Friars seeking dismissal of charges

Three facing child endangerment charges in relation to Brother Baker case

HOLLIDAYSBURG — Attorneys for three Franciscan friars are asking Blair County Court for dismissal of criminal charges filed last year, accusing them of allowing a suspected sexual predator — Brother Stephen Baker — to hold or retain jobs that put him in a position to molest children.

Court documents filed this week on behalf of the friars — Anthony “Giles” Schinelli, Robert J. D’Aversa and Anthony M. Criscitelli — point to a lack of evidence to substantiate charges of endangering the welfare of children or conspiracy to endanger the welfare of children.

Attorneys are also asking for separate jury trials for each defendant and the use of out-of-county juries because of prior publicity. A court hearing is scheduled on April 27 before Judge Jolene G. Kopriva.

The state Attorney General’s Office last year charged Schinelli, D’Aversa and Criscitelli after an investigation identified them in supervisory roles when the late Baker worked as a religion teacher and/or athletic trainer at Bishop McCort High School, Johnstown, from April 1992 to January 2000.

The investigation also identified Baker as a suspected sexual predator whose assignments at the Catholic high school put him in a position to molest more than 100 students during the eight years he worked there.

Baker, also accused of molesting students outside of Pennsylvania, committed suicide in January 2013 at St. Bernardine’s Monastery in Hollidaysburg.

In separate court documents filed Monday at the courthouse, attorneys for each of the defendants took issue with the pending child endangerment charges.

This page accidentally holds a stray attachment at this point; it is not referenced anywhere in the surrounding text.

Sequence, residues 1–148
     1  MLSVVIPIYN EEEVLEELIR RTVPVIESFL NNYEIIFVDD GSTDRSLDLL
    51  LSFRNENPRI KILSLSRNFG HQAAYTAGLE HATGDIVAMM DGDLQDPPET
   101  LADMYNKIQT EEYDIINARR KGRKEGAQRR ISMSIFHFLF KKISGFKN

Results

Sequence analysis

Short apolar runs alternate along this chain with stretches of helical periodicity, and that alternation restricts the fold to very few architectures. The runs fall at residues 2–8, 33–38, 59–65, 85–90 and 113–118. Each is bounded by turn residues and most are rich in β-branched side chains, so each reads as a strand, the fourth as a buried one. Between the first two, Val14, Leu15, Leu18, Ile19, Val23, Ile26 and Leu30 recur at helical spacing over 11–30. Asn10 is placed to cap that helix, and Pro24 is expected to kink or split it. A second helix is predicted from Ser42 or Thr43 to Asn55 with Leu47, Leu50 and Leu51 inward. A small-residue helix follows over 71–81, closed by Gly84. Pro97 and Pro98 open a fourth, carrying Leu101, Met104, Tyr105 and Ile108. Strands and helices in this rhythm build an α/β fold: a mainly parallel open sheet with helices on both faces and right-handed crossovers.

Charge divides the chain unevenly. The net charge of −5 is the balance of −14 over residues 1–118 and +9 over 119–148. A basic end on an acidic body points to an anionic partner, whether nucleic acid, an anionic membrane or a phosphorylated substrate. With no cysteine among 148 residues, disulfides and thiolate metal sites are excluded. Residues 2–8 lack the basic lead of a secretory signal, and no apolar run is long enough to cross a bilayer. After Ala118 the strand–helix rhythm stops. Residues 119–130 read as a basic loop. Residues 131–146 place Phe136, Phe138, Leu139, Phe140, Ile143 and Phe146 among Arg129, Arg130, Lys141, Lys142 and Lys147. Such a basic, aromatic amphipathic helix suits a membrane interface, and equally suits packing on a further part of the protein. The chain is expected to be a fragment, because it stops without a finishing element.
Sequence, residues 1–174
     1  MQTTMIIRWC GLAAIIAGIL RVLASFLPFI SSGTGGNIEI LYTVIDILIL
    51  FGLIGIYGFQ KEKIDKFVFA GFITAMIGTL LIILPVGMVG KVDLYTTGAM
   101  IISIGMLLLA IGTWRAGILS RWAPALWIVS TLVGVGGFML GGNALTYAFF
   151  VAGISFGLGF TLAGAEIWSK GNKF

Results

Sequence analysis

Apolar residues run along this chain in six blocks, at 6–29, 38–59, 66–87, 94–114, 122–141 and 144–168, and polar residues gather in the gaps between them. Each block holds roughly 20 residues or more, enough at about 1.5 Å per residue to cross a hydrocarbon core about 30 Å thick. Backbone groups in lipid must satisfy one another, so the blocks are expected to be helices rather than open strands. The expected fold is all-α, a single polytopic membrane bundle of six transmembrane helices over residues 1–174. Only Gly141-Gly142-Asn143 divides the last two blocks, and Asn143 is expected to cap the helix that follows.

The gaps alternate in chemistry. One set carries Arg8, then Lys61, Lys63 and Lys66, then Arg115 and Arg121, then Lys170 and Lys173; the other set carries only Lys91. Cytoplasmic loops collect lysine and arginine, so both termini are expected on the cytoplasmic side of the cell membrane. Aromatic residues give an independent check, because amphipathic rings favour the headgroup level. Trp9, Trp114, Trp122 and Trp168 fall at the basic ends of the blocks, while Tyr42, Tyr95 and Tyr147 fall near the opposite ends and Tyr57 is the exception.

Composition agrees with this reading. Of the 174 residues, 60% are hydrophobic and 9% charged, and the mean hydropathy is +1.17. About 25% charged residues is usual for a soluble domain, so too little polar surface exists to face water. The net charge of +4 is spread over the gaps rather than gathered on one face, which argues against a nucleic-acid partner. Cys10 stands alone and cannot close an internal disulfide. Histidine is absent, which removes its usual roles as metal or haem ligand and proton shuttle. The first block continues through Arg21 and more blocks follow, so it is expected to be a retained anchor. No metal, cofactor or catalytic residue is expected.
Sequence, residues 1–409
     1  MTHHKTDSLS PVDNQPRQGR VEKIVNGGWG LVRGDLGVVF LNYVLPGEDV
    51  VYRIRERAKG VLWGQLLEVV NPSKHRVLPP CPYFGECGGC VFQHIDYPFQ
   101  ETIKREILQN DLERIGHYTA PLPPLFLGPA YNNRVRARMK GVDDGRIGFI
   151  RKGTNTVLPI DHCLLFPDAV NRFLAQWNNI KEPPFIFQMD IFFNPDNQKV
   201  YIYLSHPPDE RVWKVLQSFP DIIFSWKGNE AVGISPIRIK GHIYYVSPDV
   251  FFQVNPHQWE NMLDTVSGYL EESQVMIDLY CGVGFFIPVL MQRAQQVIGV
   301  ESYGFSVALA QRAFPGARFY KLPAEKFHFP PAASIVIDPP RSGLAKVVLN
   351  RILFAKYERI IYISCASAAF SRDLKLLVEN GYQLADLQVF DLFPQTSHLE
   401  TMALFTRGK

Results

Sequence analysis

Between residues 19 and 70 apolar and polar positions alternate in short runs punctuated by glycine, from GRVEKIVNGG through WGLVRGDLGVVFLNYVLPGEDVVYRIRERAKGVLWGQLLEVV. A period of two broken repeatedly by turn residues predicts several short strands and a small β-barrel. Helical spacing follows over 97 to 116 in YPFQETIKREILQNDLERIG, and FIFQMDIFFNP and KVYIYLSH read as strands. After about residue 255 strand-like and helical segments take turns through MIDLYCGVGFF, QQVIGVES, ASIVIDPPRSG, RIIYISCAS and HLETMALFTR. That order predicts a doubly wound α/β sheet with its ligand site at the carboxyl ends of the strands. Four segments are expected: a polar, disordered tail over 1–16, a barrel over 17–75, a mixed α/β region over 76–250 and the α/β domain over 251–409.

“Father D’Aversa had no role in the supervision of Baker at Bishop McCort, nor did he have the right to control Baker while he was at Bishop McCort,” attorney Robert J. Ridge of Pittsburgh told the court.

While D’Aversa acknowledged to state investigators that he advised Baker not to be alone with minors, Ridge said his client took that action “based on an allegation, not substantiated by evidence of wrongdoing by Baker.”

Attorneys for Schinelli and Criscitelli made similar arguments to the court, indicating that Baker’s work at McCort was under the supervision of McCort personnel who had the authority to hire, fire, monitor and supervise him.

After Schinelli learned of an allegation made against Baker dating back to 1991, he took steps of telephoning and writing to that jurisdiction, Schinelli’s attorney, Charles Porter, reported in the document he submitted to the court. Even though Schinelli received no further information about the allegation, Porter said Schinelli “took the extra step” of sending Baker for an evaluation, resulting in a finding of no sexual deviant disorder.

“The fact that the doctor was ultimately wrong does not impact the knowledge that Schinelli had,” Porter told the court.

Attorney James Kraus indicated to the court that based on the evidence offered, his client had no awareness of the allegations against Baker.

To attack the charge of conspiracy to endanger the welfare of children, attorneys for the friars say they need prosecutors to provide more specific information such as when it occurred, what each did and what words were spoken or exchanged.

Mirror Staff Writer Kay Stephens is at 946-7456.

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